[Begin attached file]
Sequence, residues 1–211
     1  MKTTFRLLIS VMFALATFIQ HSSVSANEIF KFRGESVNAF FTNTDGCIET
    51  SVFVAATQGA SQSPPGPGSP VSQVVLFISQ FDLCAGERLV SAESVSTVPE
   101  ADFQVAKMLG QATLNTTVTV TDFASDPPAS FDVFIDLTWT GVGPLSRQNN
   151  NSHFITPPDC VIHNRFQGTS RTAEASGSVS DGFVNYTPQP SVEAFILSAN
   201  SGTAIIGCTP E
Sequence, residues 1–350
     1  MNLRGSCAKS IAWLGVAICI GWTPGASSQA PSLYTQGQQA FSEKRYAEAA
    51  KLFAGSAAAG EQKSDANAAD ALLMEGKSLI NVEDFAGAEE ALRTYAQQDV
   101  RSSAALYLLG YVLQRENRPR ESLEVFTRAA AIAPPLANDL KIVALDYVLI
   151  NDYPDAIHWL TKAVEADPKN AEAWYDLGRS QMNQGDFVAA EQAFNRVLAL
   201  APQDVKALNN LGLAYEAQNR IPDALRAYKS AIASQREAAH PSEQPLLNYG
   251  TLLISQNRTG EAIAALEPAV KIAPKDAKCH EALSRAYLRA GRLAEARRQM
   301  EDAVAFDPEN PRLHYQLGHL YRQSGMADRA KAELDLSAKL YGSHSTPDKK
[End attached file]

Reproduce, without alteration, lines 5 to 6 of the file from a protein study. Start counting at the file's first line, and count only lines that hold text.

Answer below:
   151  NSHFITPPDC VIHNRFQGTS RTAEASGSVS DGFVNYTPQP SVEAFILSAN
   201  SGTAIIGCTP E